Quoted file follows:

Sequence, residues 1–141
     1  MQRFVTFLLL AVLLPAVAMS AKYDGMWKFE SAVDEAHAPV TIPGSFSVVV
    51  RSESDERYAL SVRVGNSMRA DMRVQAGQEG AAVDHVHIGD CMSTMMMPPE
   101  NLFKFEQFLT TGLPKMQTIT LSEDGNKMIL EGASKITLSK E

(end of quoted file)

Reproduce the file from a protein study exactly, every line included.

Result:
Sequence, residues 1–141
     1  MQRFVTFLLL AVLLPAVAMS AKYDGMWKFE SAVDEAHAPV TIPGSFSVVV
    51  RSESDERYAL SVRVGNSMRA DMRVQAGQEG AAVDHVHIGD CMSTMMMPPE
   101  NLFKFEQFLT TGLPKMQTIT LSEDGNKMIL EGASKITLSK E